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The new gods Hardcover – January 1, 1974


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Product Details

  • Hardcover: 120 pages
  • Publisher: Quadrangle; y First American edition edition (1974)
  • Language: English
  • ISBN-10: 0812904753
  • ISBN-13: 978-0812904758
  • Product Dimensions: 8.7 x 5.7 x 1 inches
  • Shipping Weight: 1 pounds
  • Average Customer Review: 5.0 out of 5 stars  See all reviews (3 customer reviews)
  • Amazon Best Sellers Rank: #1,729,345 in Books (See Top 100 in Books)

Editorial Reviews

Language Notes

Text: English, French (translation)

About the Author

E. M. Cioran (1911–95) was born and educated in Romania and lived in Paris from 1937 until his death. He is the author of numerous works, including On the Heights of Despair, also available from the University of Chicago Press. Richard Howard is professor of writing at Columbia University.
--This text refers to the Paperback edition.

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17 of 19 people found the following review helpful By Gooch McCracken on January 26, 2005
Format: Hardcover
My favorite quote from THE NEW GODS: "It is difficult, it is impossible to believe that the Good Lord--'Our Father'--had a hand in the scandal of creation. Everything suggests that He took no part in it, that it proceeds from a god without scruples, a feculent god. Goodness does not create, lacking imagination; it takes imagination to put together a world, however botched. At the very least, there must be a mixture of good and evil in order to produce an action or a work. Or a universe. Considering ours, it is altogether easier to trace matters back to a suspect god than to an honorable one."

This is a reaction that's generally referred to as gnosticism or Manicheanism. And I can dig it.
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16 of 18 people found the following review helpful By Jill Malter on November 4, 2004
Format: Hardcover
This book has been around for thirty years, and it needs to be reprinted in a nice new edition. Most of Cioran's works have indeed been re-released recently. Unfortunately, this one has not been. And that is a shame given the power of the title essay. The other essays are okay. But the title article is the best.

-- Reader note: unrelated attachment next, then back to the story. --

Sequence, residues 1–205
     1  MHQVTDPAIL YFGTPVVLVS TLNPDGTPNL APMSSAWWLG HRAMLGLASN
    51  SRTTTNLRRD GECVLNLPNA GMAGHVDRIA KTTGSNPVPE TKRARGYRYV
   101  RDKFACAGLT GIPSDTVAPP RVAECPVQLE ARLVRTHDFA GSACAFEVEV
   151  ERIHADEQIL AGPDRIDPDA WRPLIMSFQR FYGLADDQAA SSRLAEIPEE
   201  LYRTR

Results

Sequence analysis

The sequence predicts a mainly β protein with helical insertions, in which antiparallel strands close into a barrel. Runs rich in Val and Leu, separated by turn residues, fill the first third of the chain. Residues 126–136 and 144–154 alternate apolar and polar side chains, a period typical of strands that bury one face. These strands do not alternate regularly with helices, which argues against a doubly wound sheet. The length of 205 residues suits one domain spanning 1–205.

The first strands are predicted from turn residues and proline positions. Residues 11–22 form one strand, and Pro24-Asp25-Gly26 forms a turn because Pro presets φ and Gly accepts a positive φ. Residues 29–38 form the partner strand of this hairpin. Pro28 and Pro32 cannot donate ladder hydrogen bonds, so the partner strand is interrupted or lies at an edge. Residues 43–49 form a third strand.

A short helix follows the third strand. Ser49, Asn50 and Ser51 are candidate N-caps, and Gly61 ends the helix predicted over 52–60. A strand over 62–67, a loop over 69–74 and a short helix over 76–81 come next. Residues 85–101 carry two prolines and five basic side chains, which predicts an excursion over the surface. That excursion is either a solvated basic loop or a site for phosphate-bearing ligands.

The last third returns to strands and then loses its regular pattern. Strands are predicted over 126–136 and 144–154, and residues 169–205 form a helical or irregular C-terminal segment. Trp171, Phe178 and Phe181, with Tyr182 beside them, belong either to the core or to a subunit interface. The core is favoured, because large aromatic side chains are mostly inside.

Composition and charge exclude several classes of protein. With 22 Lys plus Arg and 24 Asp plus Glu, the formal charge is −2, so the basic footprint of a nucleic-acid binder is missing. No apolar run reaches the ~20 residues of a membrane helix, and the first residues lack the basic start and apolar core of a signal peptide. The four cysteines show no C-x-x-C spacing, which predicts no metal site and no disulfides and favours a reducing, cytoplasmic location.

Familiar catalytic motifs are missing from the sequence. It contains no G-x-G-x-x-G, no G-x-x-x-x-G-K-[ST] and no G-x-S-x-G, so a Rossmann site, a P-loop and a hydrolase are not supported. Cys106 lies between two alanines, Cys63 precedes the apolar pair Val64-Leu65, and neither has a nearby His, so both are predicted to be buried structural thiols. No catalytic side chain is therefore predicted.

I doubt that I have ever read a better 16-page essay than "The New Gods." Its marvellous prose shines through everywhere. When I read that Saint Gregory's oration against Julian the apostate "makes you feel like then and there converting to paganism," my jaw dropped. I got a copy of that oration right away!

Cioran explains that early Christian apologetics are simply a set of libels camouflaged as treatises. But there was one thing that made Christianity different: hatred. Without that hatred, this new religion would merely have traded in "the old gods for a nailed corpse."

Cioran is not the first to criticize Christianity. But he then goes on to defend Paganism. He explains that under Paganism, fervor is shared among Goddesses and Gods. Only under monotheism does this fervor degrade into faith and aggression. People, being capricious, would shift from one God to another if given the chance. And Pagan Goddesses and Gods do not demand to be worshipped, just respected: in general, one does not kneel before them but merely hails them.

As Cioran states, the human soul is naturally Pagan. And thus he has a conclusion: we humans will return to Paganism. The only thing Christianity had going for it was hatred, and that is no longer going to be there to sustain it. We'll ask the Goddesses and Gods to return to us. And maybe we'll even stop the bizarre Christian practice of burying the dead in broad daylight.
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5 of 7 people found the following review helpful By Halifax Student Account on August 25, 2013
Format: Paperback
The other day, my girlfriend said 'You're always putting a downer on things!!', when I mentioned that the word 'mortgage' is Latin for death bondage (death bondage was the norm in ancient Rome, you see). But this was an insiders joke among Latin fans because words change, don't they?, and when I was a teenager, mortgages were short term things that you could pay off in 10 years and so the definition was different and nothing to worry about. Ok, but, erm, that was before the property boom of the 1990's which led to the crash of 2008 . Since 2008, we are indeed in a 'grip of death' (another translation for 'mortgage') because if you do get on the property ladder, you will be old and very nearly dead when you pay it of! This is why my girlfriend told me off.

If you like the above mental masturbation and nihilistic pyrotechnics, then you will love E. M. Cioran. Cioran has been called 'the last worthy disciple of Nietzsche'; but Nietzsche wrote for the 19 Century; E. M. Cioran writes for the 20th. He is a worthy successor to Friedrich Nietzsche.

Highly, highly recommended!
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